Summary: God's promises make it so that we don't have to cut others off to get ahead. We already have heaven so we can afford to be generous to others.

We’ve all seen those drivers—the ones that keep changing lanes because they believe this will catapult them ahead of traffic so they arrive at their destination a whole two minutes faster! These lane weavers put others at risk because of their self-centered drive to get ahead. Not everyone drives like that though. Many even kindly let others merge in ahead of them when there is construction ahead. As we continue our sermon series on Abraham and trace his journey of faith we’ll rejoice to see how he was not intent on cutting others off to get ahead. Instead, Abraham set what we might call a peacemaker pace. Let’s find out what that is and why it’s God’s will for us too on our journey of faith.

So do you remember what happened to Abraham in our sermon last week? He hit a speed bump with that severe famine in Canaan. But instead of turning to God to find out how to handle it, Abraham went off to look for food in Egypt. That wasn’t wrong in and of itself, but by going to Egypt, Abraham put himself and his wife Sarah in danger. Because of her beauty he was afraid that the Egyptians would kill him to get to her. So Abraham had Sarah lie and say that she was his sister. Because of this the Egyptian pharaoh took Sarah to be his wife and lavished Abraham with wealth as if for a finder’s fee. Thankfully God intervened to reunite Abraham and Sarah.

When they returned to Canaan, Abraham made a beeline for Bethel where he had first built an altar. There he publicly rededicated himself to the God who had never left his side. Like Abraham we have a daily need to go back to the altar—but not to one we’ve made. No God designed this altar and placed his Son on top of it like a lid to extinguish the fires of hell. We have a need to daily return to the cross because, like Abraham, we often trust our own smarts rather than God’s promises. We also have put our comfort first not caring what happens to others. But every time we come back to this altar we are assured of forgiveness. That’s because God’s love doesn’t depend on our obedience. Look at Abraham’s case. He came out of Egypt a very wealthy man. It’s not what he deserved, but it’s what God gave him. That’s grace—getting the opposite of what you deserve. We might not possess the riches of Egypt, but we do have God’s lavish forgiveness which promises heaven.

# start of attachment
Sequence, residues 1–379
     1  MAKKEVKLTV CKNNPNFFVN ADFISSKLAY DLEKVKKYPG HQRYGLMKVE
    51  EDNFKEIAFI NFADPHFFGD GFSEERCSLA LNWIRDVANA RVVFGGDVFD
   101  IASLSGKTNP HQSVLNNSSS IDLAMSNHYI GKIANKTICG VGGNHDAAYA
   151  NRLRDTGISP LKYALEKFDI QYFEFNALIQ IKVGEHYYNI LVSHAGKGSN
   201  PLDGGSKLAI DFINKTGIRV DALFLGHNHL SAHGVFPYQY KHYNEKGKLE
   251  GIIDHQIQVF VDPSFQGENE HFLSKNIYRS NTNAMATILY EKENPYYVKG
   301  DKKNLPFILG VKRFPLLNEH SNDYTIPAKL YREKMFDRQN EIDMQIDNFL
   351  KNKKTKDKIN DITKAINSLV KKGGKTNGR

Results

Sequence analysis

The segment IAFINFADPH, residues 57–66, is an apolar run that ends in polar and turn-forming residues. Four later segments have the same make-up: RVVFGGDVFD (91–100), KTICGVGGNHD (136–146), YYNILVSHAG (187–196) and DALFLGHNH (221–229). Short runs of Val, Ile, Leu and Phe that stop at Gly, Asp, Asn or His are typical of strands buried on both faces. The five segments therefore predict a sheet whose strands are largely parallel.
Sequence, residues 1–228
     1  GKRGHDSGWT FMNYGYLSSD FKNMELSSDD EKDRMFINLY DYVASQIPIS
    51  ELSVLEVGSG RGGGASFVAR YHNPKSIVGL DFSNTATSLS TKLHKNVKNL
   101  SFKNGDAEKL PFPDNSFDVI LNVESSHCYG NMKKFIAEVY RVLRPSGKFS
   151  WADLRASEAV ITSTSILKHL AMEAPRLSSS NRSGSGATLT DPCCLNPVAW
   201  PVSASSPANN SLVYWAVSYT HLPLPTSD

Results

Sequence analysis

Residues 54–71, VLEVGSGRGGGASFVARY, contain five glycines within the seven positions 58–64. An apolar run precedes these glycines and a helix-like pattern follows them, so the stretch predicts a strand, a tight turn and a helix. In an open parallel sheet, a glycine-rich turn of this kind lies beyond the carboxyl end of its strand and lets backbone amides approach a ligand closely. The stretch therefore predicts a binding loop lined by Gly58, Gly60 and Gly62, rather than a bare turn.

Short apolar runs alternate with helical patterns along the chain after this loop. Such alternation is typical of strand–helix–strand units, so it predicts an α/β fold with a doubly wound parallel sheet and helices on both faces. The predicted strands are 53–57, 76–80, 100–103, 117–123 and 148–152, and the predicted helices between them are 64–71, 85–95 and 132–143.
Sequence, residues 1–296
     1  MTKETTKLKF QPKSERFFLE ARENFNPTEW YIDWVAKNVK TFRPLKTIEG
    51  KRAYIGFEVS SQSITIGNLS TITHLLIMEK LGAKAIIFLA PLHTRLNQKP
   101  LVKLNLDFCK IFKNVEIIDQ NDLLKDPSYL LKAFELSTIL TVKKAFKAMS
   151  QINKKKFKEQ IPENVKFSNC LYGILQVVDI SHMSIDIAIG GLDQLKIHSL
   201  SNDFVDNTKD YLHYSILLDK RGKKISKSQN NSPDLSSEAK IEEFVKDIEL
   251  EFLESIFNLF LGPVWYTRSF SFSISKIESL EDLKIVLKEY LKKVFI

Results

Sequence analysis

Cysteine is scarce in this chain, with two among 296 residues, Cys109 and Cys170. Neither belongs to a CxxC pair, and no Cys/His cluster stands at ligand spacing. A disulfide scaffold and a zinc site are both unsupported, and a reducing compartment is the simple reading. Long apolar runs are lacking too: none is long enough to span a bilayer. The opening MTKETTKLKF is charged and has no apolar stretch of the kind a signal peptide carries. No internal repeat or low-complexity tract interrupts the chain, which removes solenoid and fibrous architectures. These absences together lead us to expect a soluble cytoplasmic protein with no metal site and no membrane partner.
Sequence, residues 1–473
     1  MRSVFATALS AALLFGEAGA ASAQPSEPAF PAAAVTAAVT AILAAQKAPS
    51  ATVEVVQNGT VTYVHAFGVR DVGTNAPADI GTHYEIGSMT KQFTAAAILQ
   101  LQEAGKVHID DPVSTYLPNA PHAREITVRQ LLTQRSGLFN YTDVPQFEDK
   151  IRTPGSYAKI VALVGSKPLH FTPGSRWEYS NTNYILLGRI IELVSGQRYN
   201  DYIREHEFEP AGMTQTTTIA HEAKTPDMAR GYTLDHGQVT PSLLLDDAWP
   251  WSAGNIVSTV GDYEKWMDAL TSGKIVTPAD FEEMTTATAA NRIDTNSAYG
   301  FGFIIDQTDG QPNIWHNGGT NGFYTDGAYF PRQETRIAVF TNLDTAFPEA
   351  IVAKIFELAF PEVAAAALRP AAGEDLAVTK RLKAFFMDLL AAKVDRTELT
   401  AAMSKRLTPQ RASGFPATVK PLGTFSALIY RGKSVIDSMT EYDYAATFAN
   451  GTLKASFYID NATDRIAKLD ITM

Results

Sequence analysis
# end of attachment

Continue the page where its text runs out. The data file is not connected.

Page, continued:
Bolstered by this grace Abraham was now determined to live according to God’s Word. I’m happy to report that Abraham followed through with his resolve. We see it in the way he handled a different speed bump. This one came not as a result of a famine, but because of riches. By now Abraham and his nephew Lot, who was travelling with him, had so much livestock that there wasn’t enough grazing land to support both groups. Because of this, quarrelling broke out between Abraham’s herdsmen and Lot’s.

Now before I continue with what happened, let me just point out how this event reminds us that it’s not easy being rich. Sure, we all think that being rich would take away our problems. But little do we realize that with wealth comes its own set of challenges and responsibilities. Because Abraham and Lot had so much livestock, it was clear that they were going to have to move away from each other. Dear Christians, don’t think that more money or a bigger house and a nicer car would lessen your struggles. It might just increase them, as you would have more things to look after and more people wanting to take what you have. The Lord has given you just what you need right now. If you are lacking anything, he will provide it in his time. Don’t make it your life’s goal to become rich in possessions. Make it your goal to be rich in faith.

So how did Abraham handle the tension between his household and Lot’s. He could certainly have cut off Lot to get ahead by saying that since he was the elder and since he was the one God had promised to bless, Lot should get lost. Instead Abraham adopted a peacemaker pace and approached Lot with this proposition. “Let’s not have any quarreling between you and me, or between your herders and mine, for we are close relatives. 9 Is not the whole land before you? Let’s part company. If you go to the left, I’ll go to the right; if you go to the right, I’ll go to the left” (Genesis 13:8, 9).

Abraham did not want to strain his relationship with Lot over this matter. Nor did he want the inhabitants of the land to see these worshippers of Jehovah quarrelling. And so Abraham doesn’t dictate to Lot, but offers a solution that was generous and born from a heart of faith. Abraham said: “You choose where to take your flocks, and I’ll go the other way.” Abraham knew that he could afford to be generous. He knew that he didn’t have to claim the best part of the land for himself because no matter where he ended up, God would be there to care for him as he had been doing since the beginning!

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